Classes

Essay, Nonfiction, Poetry

  • Term: Summer 2022
  • Start Date: June 13, 2022
  • End Date: June 13, 2022
  • Day of Week: Monday
  • Time: 10:00am - 1:00pm
  • Level: Open to all levels
  • Audience: Adult
  • Location: Online
  • Availability: Yes
  • Public Price: $150.00
  • Member Price: $135.00

Learn About Scholarships

Lyric Cartography

In this generative workshop, we will be doing a series of exercises designed to help us excavate, wander around in and through, or make more precise our questions about actual places. We might call this something like lyric cartography, or it might be something like lyric biography (of a place). One way or another, we will dream into these places together, guided by these exercises. Be prepared to write (and draw, etc.), and please be prepared to share and listen.

Patrick Rosal

Patrick Rosal

PATRICK ROSAL currently serves as inaugural Codirector of the Mellon-funded Institute for the Study of Global Racial Justice at Rutgers-Camden, where he is a Professor of English. He is the author of five full-length poetry collections including the forthcoming The Last Thing: New and Selected Poems.

He has received fellowships from the John Simon Guggenheim Foundation, the National Endowment for the Arts, and the Fulbright Research Scholar program. Residencies include Civitella Ranieri, a Lannan Residency in Marfa, TX, and the Atlantic Center for the Arts. He is co-founding editor of Some Call It Ballin’, a literary sports magazine.

Brooklyn Antediluvian (2016), won the Academy of American Poets Lenore Marshall Prize for best book of poetry and was a finalist for the Kingsley Tufts Award for Poetry. Previously, Boneshepherds (2011) was named a small press highlight by the National Book Critics Circle and a notable book by the Academy of American Poets. He is also the author of My American Kundiman (2006), and Uprock Headspin Scramble and Dive (2003). His collections have also been honored with the Association of Asian American Studies Book Award, Global Filipino Literary Award and the Asian American Writers Workshop Members' Choice Award.

He has received teaching appointments at Princeton University, Penn State Altoona, Centre College, and the University of Texas, Austin, Drew University's Low-Residency MFA program and Sarah Lawrence College. He taught creative writing for several years at Bloomfield College where he previously earned his B.A. and twice served on the faculty of Kundiman’s Summer Retreat for Asian American Poets. In addition to conducting workshops in Alabama prisons through Auburn University, he has taught high school workshops through the Geraldine R. Dodge Foundation, Sarah Lawrence College's Summer Writing Conference for High School Students, Urban Word NYC, and the Volume workshops in Ann Arbor, Michigan. He is Professor of Creative Writing at Rutgers University-Camden's MFA program, where he teaches courses on poetry, performance, improvisation, collaboration, and community art.

His poems and essays have been published widely in journals and anthologies including The New York TimesTin House, Drunken Boat, Poetry, New England Review, American Poetry Review, Harvard Review, Grantland, Brevity, Breakbeat Poets, and The Best American Poetry. His work has been recognized by the annual Allen Ginsberg Awards, the James Hearst Poetry Prize, the Arts and Letters Prize, Best of the Net among others. His chapbook Uncommon Denominators won the Palanquin Poetry Series Award from the University of South Carolina, Aiken.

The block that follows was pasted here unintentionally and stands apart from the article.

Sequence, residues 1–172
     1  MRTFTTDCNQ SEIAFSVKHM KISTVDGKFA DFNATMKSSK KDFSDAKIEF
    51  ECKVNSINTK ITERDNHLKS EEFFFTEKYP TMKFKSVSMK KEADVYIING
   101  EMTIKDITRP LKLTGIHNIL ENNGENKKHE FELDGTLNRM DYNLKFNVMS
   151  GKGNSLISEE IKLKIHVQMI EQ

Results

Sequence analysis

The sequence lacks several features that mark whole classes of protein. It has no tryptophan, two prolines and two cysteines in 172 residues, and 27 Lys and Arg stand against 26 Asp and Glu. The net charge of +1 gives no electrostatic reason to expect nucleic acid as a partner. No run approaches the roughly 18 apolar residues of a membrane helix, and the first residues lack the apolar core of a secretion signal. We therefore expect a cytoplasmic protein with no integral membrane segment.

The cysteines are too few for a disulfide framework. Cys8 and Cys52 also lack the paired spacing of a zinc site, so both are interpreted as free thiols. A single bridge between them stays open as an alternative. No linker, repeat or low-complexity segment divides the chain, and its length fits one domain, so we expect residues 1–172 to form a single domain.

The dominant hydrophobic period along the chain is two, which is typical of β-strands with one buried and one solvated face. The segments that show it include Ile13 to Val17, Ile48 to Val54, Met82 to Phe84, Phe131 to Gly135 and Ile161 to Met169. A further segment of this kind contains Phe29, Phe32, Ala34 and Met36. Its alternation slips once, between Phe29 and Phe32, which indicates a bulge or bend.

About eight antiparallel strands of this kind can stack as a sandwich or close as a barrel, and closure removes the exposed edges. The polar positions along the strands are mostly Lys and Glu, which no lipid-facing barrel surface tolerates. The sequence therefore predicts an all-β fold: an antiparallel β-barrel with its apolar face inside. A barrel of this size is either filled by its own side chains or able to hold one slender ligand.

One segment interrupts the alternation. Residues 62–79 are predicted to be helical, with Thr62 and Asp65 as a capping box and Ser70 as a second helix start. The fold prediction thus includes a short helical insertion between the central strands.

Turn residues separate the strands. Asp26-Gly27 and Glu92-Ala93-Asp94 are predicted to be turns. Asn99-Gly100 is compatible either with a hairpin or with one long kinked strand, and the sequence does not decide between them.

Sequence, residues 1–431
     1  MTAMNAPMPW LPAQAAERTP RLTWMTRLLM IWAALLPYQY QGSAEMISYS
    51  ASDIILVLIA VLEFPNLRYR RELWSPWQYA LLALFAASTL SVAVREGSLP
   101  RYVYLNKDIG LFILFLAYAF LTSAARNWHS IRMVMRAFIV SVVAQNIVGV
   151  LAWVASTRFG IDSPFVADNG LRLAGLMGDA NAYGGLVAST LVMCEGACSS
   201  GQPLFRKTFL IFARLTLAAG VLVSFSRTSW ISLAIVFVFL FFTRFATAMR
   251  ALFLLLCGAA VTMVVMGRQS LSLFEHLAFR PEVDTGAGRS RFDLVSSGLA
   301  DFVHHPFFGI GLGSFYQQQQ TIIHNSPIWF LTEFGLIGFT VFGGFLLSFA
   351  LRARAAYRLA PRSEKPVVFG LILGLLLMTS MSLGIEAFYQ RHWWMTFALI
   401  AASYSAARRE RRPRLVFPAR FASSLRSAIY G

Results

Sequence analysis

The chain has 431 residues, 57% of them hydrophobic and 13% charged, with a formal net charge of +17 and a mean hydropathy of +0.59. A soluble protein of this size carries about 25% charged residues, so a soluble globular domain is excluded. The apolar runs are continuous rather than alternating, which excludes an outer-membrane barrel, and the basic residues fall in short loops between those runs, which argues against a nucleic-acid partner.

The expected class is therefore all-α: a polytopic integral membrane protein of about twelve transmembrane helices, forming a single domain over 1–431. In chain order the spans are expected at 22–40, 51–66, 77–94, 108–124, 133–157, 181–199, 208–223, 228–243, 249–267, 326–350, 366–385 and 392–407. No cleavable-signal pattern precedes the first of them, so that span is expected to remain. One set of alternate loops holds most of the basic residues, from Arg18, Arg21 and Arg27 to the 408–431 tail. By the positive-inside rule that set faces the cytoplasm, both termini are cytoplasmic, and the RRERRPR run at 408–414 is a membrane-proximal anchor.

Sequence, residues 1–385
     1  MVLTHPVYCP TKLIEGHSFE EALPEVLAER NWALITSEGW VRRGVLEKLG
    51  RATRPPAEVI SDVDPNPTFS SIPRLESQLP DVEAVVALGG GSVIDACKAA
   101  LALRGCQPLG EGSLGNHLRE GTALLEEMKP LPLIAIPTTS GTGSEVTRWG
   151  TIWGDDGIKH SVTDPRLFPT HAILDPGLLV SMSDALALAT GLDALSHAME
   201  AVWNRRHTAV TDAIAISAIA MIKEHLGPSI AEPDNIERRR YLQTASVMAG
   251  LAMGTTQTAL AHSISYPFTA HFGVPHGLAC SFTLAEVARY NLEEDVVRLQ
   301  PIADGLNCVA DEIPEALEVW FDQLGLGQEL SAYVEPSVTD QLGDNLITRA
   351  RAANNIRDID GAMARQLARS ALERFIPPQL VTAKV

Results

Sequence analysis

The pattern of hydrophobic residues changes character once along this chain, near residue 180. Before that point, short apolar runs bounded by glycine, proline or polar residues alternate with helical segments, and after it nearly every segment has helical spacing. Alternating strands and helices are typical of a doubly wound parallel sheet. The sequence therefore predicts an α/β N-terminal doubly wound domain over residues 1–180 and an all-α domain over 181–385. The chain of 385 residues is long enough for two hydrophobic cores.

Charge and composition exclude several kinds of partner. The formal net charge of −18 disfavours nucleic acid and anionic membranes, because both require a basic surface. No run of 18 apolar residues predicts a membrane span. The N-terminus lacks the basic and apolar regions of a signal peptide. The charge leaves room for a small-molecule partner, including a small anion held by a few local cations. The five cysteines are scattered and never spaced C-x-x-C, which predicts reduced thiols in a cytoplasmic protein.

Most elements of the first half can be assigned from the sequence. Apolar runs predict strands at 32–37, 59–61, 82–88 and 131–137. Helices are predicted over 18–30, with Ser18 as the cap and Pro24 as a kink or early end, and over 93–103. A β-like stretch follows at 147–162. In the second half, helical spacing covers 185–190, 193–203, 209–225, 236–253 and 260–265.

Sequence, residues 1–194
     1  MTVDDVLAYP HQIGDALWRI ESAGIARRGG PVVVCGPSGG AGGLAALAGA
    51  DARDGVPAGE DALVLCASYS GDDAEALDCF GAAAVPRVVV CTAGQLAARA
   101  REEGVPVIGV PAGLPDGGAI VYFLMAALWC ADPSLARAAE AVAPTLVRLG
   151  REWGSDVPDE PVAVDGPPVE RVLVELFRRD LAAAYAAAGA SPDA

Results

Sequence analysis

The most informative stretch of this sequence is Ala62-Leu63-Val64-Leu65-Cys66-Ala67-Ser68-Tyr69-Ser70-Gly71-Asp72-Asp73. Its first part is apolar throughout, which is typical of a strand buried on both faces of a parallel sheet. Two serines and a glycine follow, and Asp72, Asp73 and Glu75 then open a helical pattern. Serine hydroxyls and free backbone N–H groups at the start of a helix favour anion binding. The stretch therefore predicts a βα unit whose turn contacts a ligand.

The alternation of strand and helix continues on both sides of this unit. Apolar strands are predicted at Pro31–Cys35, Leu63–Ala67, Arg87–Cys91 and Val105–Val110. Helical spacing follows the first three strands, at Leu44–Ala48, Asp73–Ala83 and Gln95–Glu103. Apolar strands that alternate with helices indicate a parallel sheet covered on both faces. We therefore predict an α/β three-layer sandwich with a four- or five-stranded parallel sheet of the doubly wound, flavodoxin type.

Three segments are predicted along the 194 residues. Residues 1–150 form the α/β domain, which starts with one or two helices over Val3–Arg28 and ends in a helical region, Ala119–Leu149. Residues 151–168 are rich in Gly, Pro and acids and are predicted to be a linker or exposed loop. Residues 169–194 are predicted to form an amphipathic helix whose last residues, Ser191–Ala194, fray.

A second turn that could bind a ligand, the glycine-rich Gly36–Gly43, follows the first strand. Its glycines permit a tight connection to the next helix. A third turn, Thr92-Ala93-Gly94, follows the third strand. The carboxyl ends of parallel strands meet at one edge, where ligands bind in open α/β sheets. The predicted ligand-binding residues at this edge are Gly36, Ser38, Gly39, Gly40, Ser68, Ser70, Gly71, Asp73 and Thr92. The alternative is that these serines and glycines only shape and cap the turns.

His poems and voiceovers were included in the Argentine feature-length film Anhua: Amanecer which screened at the Mar del Plata International Film Festival. He has also appeared on the Leonard Lopate Show and the BBC Radio's World Today.

His invited readings and performances include several appearances at the Dodge Poetry Festival, the Stadler Center for Poetry, WordFest in Asheville, the poetry reading series at Georgia Tech, Poetry @ MIT, the Carr Reading Series at the University of Illinois, the Whitney Museum, Lincoln Center, Sarah Lawrence College, where he earned his MFA, and hundreds of other venues that span the United States, London, Buenos Aires, South Africa and the Philippines. 

Ross Gay

Ross Gay

Ross Gay is the author of four books of poetry: Against Which; Bringing the Shovel Down; Be Holding; and Catalog of Unabashed Gratitude, winner of the 2015 National Book Critics Circle Award and the 2016 Kingsley Tufts Poetry Award. His new poem, Be Holding, was released from the University of Pittsburgh Press in September of 2020. His collection of essays, The Book of Delights, was released by Algonquin Books in 2019.

Ross is also the co-author, with Aimee Nezhukumatathil, of the chapbook "Lace and Pyrite: Letters from Two Gardens," in addition to being co-author, with Rosechard Wehrenberg, of the chapbook, "River." He is a founding editor, with Karissa Chen and Patrick Rosal, of the online sports magazine Some Call it Ballin', in addition to being an editor with the chapbook presses Q Avenue and Ledge Mule Press. Ross is a founding board member of the Bloomington Community Orchard, a non-profit, free-fruit-for-all food justice and joy project. He also works on The Tenderness Project with Shayla Lawson and Essence London. He has received fellowships from Cave Canem, the Bread Loaf Writer's Conference, and the Guggenheim Foundation. Ross teaches at Indiana University.